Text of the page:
Cuomo visits Local 66
The following story appeared in Newsday on Saturday, October 30th, page A9 by Elizabeth Moore
Attorney General Andrew Cuomo doesn't have universal support among New York's unions, but he got a roaring welcome in Melville Friday from some 400 union members, elected officials and party activists who said their unions would be a partner in correcting New York's fiscal problems.
"What we need to do is make sure we get everyone out and knock on those damn doors so we send the tea party back to the bottom of the river!" said John Durso, president of the Long Island Federation of Labor, at the rally at the Local 66 Laborers Hall. "We're not a special interest - we are the community!"
Cuomo told the Melville rally: "We have to make that state government work again . . . We have to win."
The active support of labor is crucial for the Democrats in a year when polls show Republicans are more enthusiastic about voting.
"You've got the sour mood of the public and a bad economy, and the Democrats are the incumbents - that's always troublesome," said Jay Jacobs, state Democratic chairman, who attended the rally.
"On the other hand, you've got an absolutely abysmal candidate at the head of the Republican ticket," Jacobs said. "The question really is not so much who's persuaded, but who's persuaded enough to actually come out?"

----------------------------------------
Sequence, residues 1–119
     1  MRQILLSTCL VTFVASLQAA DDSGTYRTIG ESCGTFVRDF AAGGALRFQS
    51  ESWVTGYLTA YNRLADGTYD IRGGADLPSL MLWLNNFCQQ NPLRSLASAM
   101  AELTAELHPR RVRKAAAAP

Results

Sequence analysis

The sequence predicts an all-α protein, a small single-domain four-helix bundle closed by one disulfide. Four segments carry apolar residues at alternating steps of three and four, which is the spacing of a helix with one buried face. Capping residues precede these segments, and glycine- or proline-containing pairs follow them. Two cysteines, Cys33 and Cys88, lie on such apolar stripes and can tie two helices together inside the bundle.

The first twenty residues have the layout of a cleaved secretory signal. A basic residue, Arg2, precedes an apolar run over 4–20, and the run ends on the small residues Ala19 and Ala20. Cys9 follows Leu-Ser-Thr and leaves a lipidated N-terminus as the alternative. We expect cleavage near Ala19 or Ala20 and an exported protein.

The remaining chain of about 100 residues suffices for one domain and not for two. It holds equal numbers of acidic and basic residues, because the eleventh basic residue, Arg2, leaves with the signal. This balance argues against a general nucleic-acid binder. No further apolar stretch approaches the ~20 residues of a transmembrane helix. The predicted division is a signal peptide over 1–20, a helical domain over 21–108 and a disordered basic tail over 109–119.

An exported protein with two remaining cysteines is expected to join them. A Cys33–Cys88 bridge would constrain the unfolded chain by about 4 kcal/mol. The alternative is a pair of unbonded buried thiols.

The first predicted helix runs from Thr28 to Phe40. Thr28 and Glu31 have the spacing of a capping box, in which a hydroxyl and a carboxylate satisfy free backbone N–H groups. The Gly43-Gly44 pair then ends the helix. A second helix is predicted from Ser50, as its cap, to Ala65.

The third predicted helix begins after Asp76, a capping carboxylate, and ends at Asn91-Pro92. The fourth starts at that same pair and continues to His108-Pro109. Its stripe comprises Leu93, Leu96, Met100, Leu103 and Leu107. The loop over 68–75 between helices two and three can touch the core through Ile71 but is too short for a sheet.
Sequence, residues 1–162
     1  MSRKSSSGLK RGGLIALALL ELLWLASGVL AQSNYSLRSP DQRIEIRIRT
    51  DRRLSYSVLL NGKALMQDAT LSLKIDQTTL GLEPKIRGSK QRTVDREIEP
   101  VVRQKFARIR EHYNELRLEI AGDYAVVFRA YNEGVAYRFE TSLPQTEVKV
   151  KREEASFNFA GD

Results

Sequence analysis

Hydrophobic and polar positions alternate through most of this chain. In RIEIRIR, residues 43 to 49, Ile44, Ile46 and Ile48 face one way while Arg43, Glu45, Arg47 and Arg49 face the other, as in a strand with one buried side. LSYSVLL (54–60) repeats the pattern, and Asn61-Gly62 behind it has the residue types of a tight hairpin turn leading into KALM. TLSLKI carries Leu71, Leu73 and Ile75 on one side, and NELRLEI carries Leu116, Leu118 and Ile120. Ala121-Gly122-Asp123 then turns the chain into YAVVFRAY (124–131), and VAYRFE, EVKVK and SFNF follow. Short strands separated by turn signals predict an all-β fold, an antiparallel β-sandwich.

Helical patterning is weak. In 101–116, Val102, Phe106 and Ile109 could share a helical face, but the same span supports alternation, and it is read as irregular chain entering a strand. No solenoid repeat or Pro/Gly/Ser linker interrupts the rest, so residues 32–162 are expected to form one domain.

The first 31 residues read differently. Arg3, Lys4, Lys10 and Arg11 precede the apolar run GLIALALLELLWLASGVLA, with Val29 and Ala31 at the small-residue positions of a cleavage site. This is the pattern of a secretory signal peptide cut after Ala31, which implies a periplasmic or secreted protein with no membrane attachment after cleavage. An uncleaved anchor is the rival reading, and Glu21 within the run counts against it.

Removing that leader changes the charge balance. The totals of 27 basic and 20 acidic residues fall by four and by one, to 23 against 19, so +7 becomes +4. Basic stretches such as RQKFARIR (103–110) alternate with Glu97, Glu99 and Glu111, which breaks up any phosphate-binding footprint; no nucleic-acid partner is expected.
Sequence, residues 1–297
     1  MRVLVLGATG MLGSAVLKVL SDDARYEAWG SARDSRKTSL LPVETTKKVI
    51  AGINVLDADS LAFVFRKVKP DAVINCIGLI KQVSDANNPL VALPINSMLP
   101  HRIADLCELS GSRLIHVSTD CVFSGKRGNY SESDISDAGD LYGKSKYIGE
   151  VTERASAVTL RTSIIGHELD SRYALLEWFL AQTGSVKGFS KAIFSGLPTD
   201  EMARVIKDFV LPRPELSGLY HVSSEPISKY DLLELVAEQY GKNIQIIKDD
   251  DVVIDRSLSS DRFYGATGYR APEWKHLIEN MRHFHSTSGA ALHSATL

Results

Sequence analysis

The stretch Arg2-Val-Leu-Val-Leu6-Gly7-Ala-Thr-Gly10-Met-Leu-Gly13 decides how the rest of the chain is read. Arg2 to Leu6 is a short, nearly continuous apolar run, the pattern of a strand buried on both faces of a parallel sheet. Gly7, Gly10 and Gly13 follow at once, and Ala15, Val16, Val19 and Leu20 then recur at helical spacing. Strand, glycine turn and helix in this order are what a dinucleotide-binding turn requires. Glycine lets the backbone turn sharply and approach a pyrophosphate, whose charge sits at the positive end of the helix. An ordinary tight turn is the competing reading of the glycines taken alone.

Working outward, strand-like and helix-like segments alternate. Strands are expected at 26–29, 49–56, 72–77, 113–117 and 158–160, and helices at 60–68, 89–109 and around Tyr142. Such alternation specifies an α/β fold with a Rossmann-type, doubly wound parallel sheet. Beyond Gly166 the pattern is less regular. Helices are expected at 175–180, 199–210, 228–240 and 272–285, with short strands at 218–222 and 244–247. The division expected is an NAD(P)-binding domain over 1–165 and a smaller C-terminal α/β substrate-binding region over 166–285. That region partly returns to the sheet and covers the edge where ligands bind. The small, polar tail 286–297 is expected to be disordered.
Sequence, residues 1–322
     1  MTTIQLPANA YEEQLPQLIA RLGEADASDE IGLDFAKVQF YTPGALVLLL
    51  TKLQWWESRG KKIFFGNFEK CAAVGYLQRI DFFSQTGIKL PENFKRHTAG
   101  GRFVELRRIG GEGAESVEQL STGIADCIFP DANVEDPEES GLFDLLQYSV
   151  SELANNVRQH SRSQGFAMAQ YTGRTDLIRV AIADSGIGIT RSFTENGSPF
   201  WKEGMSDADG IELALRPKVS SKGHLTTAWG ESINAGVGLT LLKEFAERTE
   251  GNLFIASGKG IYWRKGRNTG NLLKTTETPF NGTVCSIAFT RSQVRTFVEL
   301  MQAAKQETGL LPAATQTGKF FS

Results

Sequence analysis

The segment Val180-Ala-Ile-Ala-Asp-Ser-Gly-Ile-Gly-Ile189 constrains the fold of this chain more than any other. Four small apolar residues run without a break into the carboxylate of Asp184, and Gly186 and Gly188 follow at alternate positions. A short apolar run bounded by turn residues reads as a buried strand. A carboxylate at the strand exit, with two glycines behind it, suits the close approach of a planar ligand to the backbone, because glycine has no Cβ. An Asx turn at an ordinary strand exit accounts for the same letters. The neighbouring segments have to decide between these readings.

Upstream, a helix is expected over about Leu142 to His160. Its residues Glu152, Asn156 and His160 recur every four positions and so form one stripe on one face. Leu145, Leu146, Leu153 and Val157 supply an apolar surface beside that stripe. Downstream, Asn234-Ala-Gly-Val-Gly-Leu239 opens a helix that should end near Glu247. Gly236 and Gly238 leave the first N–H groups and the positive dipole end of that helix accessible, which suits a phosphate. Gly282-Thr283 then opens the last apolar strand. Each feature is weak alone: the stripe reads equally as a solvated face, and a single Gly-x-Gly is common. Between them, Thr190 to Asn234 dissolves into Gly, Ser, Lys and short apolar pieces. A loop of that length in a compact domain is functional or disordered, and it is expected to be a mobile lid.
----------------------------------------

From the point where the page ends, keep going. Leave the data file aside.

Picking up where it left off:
For that reason, Jacobs said his party is mounting what he called "the biggest statewide coordinated get-out-the-vote campaign we've ever had," one that involves 10,000 volunteers, paid canvassers and union workers, to get voters to the polls.
Cuomo's campaign emphasis on a property-tax cap, pension reforms and tight fiscal controls have left him without the endorsement of leading public sector unions such as the Civil Service Employees Association and the New York State United Teachers, whose leaders have been sharply critical of his stances.
But Cuomo has been endorsed by the AFL-CIO and many of its members and Friday, top law enforcement unions gave him their nod. Cuomo also has accepted the Working Families Party ballot line.
In another year, or for another candidate, shaky support from labor could have been dangerous for a Democratic candidate.
But Jacobs said that any union activists reluctant to work for Cuomo this year are just transferring their energies to the campaigns of Comptroller Thomas DiNapoli or the party's would-be attorney general, state Sen. Eric Schneiderman of Manhattan.
Another embattled Democrat who is hoping for labor support is state Sen. Brian Foley of Blue Point, who thanked his "union brothers and sisters" for their support Friday.
And Rep. Steve Israel (D-Huntington) gave a new spin to Durso's claim that it was the labor movement that gave America the weekend.
"This weekend, there is no weekend!" Israel yelled. "No weekend! No weekend!".